FEMA to pay for debris removal
Quick action by Mayor Dexter McLendon saved the City of Greenville some mega bucks following Hurricane Ivan.
That was the word Thursday from Gov. Bob Riley when he announced that as a result of a meeting with FEMA, the federal agency has agreed to cover 100 percent of the cost for debris removal for county and city governments in Butler County.
McLendon and Commission Chairman Jessie McWilliams signed the required contracts with the U.S. Army Corps of Engineers by midnight, Sunday, Sept. 19.
Generally, FEMA pays 100 percent of all debris removal costs in the 72 hours following natural disasters. After that period, it’s agency policy to pay 75 percent of the costs borne by local governments. In Alabama, the state generally pays 10 percent, and the local governments pay 15 percent.
FEMA regulations state that cities and counties in the disaster area had to sign the agreements within 72 hours of the storm or pay a chunk of cash for the service.
Because local officials met the deadline, the burden for payment rests with the federal government.
McLendon expressed his pleasure about the announcement on Friday and how much money the city will save.
&uot;This saved us a ton of money because the costs would be astounding if we had to pay for all the debris removal,&uot; he said.
&uot;We’re glad and appreciative that they’re doing it.&uot;
McLendon said Greenville and Butler County were in the list of areas to get 100 percent because of quick thinking and reaction. &uot;We jumped on it pretty quick,&uot; he said.
He added he had no clue how much money was saved on the deal, but 100 percent paid is better than paying 15 to 20 percent.
As for the debris removal, he said the best thing the city did was contact the Corps and sign a contract with them.
&uot;The best move we made was to contract with the Corps right off the bat,&uot; he said.
&uot;I knew our job was to get Greenville cleaned up as quickly as possible and I think our crews and the decisions we made have made that happen.&uot;
He said one thing he knows helped the situation was having the city sanitation department worked on Saturday and Sunday after the storm to remove the household waste.
&uot;We picked up the household garbage on Saturday and Sunday and BFI came in and helped us,&uot; he said.
&uot;This cleared that out of the way so that we could concentrate on debris removal. It was the best $5,000 we ever spent.&uot;
Although the word came from the governor’s office, other officials in the county remained skeptical about the announcement; some had not been contacted at all.
Georgiana Mayor Lynn Watson was hopeful the news was true, but had no confirmation that Georgiana was included.
Until then the local recovery effort continues.
&uot;We haven’t talked to FEMA, but we heard something to that effect,&uot; he said.
&uot;I just hope it is true. It will save the taxpayers a lot of money. Right now we will continue going to way we are going. It will be great if they do. For now, we will just keep clicking along.&uot;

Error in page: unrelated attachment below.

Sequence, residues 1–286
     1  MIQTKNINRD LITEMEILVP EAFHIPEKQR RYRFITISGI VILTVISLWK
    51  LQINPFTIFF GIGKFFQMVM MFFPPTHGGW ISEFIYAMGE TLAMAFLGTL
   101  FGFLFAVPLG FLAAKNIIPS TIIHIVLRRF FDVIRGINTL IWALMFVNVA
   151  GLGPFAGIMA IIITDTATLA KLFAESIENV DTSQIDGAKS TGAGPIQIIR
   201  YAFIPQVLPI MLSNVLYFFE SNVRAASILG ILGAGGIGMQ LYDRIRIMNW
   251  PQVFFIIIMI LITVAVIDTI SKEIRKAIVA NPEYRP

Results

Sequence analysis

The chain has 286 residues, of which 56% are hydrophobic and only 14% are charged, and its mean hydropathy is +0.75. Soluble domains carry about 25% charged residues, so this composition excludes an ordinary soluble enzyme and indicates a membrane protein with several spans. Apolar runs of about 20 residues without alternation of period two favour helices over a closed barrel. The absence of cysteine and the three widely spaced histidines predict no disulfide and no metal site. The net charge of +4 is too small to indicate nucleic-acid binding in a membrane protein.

In southern town of McKenzie, Mayor Betty Stinson also said they had received no official confirmation.
&uot;Nobody has notified the city,&uot; she said. &uot;We’ve got a lot of damage and it would be nice to get the help. The whole city has had a lot of damage. We have a lot of people working on it now. It would be nice if they did come through.&uot;
Butler County Commission Chairman Jessie McWilliams remained optimistic on the situation and said the county would wait to comment.
As for the debris removal in Greenville, Phillips and Jordan, the company that the Corps contracted to clean up the mess is ready to make a final pass.
That begins throughout the city on Monday morning. Phillips and Jordan Inc., is a Tennessee-based company with a national reputation after its debris
removal work in New York following the 9/11 terrorist attacks.
&uot;There are some big stumps and debris that we’ll be picking up and in the area near the country club it will take three or four days,&uot; said Anthony Buttcchi, coordinator of Phillips and Jordan.
&uot;In the other areas we should be done by Wednesday or earlier with the other areas completed by Thursday afternoon.&uot;
He said they have completed a second pass in Greenville and in some areas made a third and fourth pass.
&uot;People keep putting things out and we keep picking them up,&uot; he said.
So what happens to all that debris once it is removed?
Well that is still unclear as well.
&uot;I am terribly embarrassed to say that an official decision has not been made by the Corps yet,&uot; Buttcchi said &uot;We’re leaning toward grinding it. That would leave mulch that can be diverted to a plant and blended with a primary fuel, such as coal, that can be used for energy. That way we’re not losing some of our natural resources.&uot;
So how much debris has Phillips and Jordan removed from the streets of Greenville?
&uot;As of 6:30 p.m. last night (Thursday) Phillips and Jordan had picked up a total 44,451 yards of debris,&uot; he said. &uot;That’s just my group. The private sector has also been bringing in debris as has the state highway department.&uot;